TAMPA — Bucs kicker Connor Barth says that in the roller-coaster life of an NFL kicker, you never know what the future might bring.
Barth, 23, has learned that the hard way: He is on his third team in two pro seasons since going undrafted out of North Carolina. That's why Barth is staying in a Tampa hotel and why he has secured an insurance license as a backup plan.
It's also what has kept Barth grounded after experiencing an all-time high Sunday against the Dolphins, when he became just the fourth kicker in NFL history to make three field goals of 50 yards or more. Barth, the Bucs' third kicker this season, hopes he's the long-term answer for Tampa Bay, but he still feels like he has a lot to prove.
"I don't want to be a one-week wonder," Barth said. "I want to be kicking well for the rest of the season and for years to come. The main thing for me is staying level-headed, just continue to stay focused on what I'm trying to do."
It's not that Barth lacks confidence. After all, on his first day with the Bucs, Barth said he "feels comfortable to hit every time from 53 yards and in."
Barth, who grew up on the beaches of Wilmington, N.C., has the reputation of exuding a surfer-dude calm on kicks.
"It doesn't seem like he's easily rattled," punter Dirk Johnson said.
Barth credits his consistency to a refined mental approach gleaned from a sports psychologist after his sophomore year at UNC; he has made 43-of-49 attempts (combined college and pro) since.
Barth said he met with Dr. Elizabeth Hedgepeth after a "terrible" second college season, when he missed 11-of-21 field goals. He had struggled to follow up on a special freshman year, which included a winning field goal over No. 4 Miami, one of the biggest moments in Tar Heels football history.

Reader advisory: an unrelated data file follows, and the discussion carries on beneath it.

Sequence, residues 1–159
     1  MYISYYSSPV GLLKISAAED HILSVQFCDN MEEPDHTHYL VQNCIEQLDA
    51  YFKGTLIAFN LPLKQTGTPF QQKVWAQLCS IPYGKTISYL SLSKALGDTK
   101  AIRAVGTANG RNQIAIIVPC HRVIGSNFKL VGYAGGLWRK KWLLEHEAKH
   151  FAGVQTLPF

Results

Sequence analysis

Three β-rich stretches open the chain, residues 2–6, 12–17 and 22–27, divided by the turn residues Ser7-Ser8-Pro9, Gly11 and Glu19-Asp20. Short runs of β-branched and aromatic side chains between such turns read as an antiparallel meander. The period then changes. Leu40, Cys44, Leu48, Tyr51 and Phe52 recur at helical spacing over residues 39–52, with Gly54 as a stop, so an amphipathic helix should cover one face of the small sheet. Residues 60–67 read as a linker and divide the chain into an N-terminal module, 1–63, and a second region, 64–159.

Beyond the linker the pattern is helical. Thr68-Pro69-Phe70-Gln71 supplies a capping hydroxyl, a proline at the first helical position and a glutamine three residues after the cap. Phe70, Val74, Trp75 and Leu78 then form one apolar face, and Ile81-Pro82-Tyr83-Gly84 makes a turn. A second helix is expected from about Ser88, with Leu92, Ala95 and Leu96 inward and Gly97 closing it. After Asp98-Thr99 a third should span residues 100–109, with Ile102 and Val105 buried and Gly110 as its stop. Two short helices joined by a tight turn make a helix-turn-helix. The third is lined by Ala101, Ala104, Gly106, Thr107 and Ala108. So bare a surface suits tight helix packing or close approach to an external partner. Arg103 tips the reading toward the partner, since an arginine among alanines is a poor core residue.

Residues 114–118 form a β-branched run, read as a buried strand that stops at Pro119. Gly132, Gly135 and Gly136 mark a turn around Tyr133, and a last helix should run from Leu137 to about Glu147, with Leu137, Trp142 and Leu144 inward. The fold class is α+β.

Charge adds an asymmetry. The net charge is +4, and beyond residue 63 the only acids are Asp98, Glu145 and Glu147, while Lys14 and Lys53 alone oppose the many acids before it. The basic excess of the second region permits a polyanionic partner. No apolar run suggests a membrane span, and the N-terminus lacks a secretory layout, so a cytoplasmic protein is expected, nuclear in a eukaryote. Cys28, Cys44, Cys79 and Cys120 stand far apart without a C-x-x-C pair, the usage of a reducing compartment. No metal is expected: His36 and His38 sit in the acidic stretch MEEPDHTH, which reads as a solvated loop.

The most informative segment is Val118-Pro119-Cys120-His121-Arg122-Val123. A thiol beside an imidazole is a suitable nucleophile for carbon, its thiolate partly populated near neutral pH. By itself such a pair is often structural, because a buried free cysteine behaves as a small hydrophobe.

Hedgepeth talked to him about the benefits of visualization, which Barth said he uses for several nights before games, sitting in bed and seeing himself making kicks from different spots on the field.
Barth passed along those tips this fall to his younger brother, Casey, who is a sophomore kicker at UNC. And it has paid off: Casey has made 13 consecutive field goals, including the tying and winning kicks against Virginia Tech.
"It's been crazy," said Barth's father, Tom, a professor at UNC-Wilmington. "You can imagine having not one, but two kickers. It's kind of a roller-coaster life. As you know, you're either a hero or the goat, and there's no in between. … Connor just blazed a path, and little brother wanted to be like big brother. It worked."
Barth's path to Tampa had some twists and turns. Kansas City signed him as an undrafted free agent in 2008 and waived him in August after he failed to beat out Nick Novak. But Barth was re-signed two months later when Novak was released, and he went 10-for-12 for the Chiefs — and he felt like he may have found a home, so he rented an apartment with a one-year lease.
But after Kansas City cleaned house, replacing coach Herm Edwards and hiring Todd Haley, Barth found himself the odd man out when the Chiefs went with Ryan Succop, the last player picked in the 2009 draft.
"It just opened his eyes more to the whole situation," Casey Barth said. "It's not like college; you're not guaranteed a spot for four years. So I think he knows that it's more of a business now."
But Barth stuck with it, and after spending the preseason with the Dolphins, he worked out for the Patriots, Ravens and Bucs in a one-week span in November before Tampa Bay signed him to replace Shane Andrus. The Bucs had gone through a kicking carousel — having released the franchise's most accurate kicker (Matt Bryant) in the preseason and later a $2.5 million free agent (Mike Nugent) — and were hoping to finally find consistency at the position.
Barth has responded by going 4-for-5, capped off by an unforgettable performance Sunday at Miami, hitting field goals of 54, 51 and 50 yards and endearing himself to his teammates, and coaches.
"It gave everybody confidence," coach Raheem Morris said. "The team was elated. I never watched that many people watch a field goal before. Everybody was up and excited when we called the field goal. They were looking at me, like: 'Kick it, Coach. We can make it.' "
Joe Smith can be reached at firstname.lastname@example.org.